The Black Widows

Tommy he lay dying, his face turned to the wall,
In agony was crying and the sisters watched it all
As they had with Tom's young daughter, and their husbands gone before
Poor young Margaret Jennings, and upwards of a score

Chorus

With Scottish Legal, Wesley General, the Pru and the Pearl its said,
The day that Tom got married, he put a price upon his head

For murder was their business, poison was their way
Profit was their motive, and all were viewed as prey
Insure ‘em six times over by fraudulent deceit
With the ailments of the working man, kept safe in that conceit

Chorus

But Tommy had a brother who’d not accept it so,
That a hodman, hale and hearty, could so swiftly be laid low
And he pressed upon the doctors, the insurance agents too
And then the beadle Hargreaves, and he brought them to his view

Chorus

And as the mourners gathered, to Ascot Street they sped
To view Tom’s cold grey body as it lay upon the bed
The funeral it was halted and Maggie she was ta’en
But Catherine saw them coming and they could not her restrain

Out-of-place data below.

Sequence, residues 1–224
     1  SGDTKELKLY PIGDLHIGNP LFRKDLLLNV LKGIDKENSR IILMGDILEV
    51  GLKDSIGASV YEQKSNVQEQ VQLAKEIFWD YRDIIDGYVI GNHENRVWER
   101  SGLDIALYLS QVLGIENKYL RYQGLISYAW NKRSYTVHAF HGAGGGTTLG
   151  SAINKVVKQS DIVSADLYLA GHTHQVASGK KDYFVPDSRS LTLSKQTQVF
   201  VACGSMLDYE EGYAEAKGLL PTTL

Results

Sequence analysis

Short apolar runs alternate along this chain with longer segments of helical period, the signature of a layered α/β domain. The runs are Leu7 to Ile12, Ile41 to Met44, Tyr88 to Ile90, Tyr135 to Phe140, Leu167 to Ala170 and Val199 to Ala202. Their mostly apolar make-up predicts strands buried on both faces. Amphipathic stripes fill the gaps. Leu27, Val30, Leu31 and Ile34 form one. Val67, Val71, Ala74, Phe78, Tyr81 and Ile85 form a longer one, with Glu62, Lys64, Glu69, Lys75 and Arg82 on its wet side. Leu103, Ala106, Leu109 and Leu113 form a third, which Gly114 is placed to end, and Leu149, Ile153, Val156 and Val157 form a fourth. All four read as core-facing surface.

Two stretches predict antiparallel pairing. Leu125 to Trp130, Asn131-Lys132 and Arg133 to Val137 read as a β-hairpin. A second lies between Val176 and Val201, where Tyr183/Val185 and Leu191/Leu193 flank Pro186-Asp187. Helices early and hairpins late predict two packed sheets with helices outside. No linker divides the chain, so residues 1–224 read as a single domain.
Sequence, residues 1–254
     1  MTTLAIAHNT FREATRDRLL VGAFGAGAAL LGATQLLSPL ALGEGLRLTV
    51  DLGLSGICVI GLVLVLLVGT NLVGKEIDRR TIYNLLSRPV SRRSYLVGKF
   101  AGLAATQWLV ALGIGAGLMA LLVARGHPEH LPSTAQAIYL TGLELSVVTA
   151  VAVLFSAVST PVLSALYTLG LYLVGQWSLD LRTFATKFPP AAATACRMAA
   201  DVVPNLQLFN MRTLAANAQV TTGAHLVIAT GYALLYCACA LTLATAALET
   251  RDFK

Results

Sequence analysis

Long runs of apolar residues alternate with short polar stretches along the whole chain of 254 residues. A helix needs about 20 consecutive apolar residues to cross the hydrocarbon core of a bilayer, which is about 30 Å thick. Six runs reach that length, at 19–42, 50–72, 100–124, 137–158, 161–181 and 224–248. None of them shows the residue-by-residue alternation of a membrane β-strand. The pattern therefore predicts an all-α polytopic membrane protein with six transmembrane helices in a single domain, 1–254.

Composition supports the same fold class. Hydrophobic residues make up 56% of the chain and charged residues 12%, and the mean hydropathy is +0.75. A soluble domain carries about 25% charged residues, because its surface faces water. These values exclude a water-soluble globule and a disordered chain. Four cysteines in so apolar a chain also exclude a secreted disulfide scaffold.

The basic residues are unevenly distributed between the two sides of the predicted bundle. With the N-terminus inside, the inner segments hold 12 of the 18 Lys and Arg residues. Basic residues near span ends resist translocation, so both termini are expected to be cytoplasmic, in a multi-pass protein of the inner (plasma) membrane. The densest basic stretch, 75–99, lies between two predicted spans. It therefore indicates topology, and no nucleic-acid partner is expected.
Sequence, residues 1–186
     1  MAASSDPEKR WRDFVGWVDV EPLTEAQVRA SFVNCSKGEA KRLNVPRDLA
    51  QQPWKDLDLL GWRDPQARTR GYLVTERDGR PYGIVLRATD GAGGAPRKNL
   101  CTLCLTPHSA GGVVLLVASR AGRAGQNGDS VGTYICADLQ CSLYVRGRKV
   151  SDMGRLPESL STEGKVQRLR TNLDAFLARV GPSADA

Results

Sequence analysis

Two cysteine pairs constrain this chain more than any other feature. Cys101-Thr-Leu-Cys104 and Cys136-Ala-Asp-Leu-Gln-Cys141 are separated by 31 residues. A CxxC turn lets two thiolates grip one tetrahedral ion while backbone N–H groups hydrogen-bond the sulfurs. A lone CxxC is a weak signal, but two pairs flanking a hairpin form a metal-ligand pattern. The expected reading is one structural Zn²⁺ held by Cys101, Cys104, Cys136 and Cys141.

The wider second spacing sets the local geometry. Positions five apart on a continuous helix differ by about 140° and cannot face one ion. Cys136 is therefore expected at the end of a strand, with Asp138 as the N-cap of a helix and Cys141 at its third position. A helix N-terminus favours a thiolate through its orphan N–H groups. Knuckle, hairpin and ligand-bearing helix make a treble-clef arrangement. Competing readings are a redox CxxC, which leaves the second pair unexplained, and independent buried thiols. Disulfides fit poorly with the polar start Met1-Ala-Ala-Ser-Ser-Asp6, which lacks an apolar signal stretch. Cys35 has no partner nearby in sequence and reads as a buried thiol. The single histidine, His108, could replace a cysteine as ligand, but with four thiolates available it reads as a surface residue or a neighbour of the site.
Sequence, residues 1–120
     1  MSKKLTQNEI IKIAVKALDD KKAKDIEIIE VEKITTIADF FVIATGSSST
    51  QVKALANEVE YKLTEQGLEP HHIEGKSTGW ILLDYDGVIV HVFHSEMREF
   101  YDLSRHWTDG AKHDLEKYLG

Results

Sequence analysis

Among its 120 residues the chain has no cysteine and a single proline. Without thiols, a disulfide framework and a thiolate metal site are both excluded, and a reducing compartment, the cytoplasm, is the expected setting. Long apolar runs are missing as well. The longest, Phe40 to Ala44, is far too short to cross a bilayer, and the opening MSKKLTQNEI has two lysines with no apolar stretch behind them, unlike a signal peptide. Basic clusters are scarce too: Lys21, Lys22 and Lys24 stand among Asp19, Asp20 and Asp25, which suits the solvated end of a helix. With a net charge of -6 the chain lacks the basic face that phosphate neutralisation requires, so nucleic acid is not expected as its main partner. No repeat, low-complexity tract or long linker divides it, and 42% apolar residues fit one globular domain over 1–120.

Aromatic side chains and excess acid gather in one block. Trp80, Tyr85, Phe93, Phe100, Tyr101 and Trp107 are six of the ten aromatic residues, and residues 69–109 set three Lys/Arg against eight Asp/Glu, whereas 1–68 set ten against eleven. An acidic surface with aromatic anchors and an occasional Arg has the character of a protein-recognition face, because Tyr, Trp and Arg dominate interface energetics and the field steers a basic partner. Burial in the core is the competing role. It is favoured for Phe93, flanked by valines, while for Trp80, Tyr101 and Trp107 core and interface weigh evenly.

Chorus

Ten days she moved from house to house, ten days upon the run 
But rumours filled old Liverpool, and Catherine was undone
For as she skulked and scurried, more bodies they did raise 
With arsenic found in each of them, the world was sore amazed  

Chorus

The trial was quickly over, guilt found on every charge
And as they languished in the cells, the scaffold it loomed large,
Each sister blamed the other, as clemency they sought
But they hanged as one in Kirkdale gaol, their pleas had gained them nought

Chorus

Music: Na-Mara, Lyrics P. McNamara

One irony of early days of life insurance was that it induced some malefactors to murder. In the impoverished tenements of inner-city Victorian Britain, unscrupulous parties would take out multiple policies on unsuspecting partners and then poison them slowly with arsenic extracted from fly paper.  Health conditions in such areas were sufficiently appalling that doctors struggled to distinguish the effects of poison from natural illnesses.  This particular tale is recorded in Angela Brabin’s 2003 book, ‘The Black Widows of Liverpool’.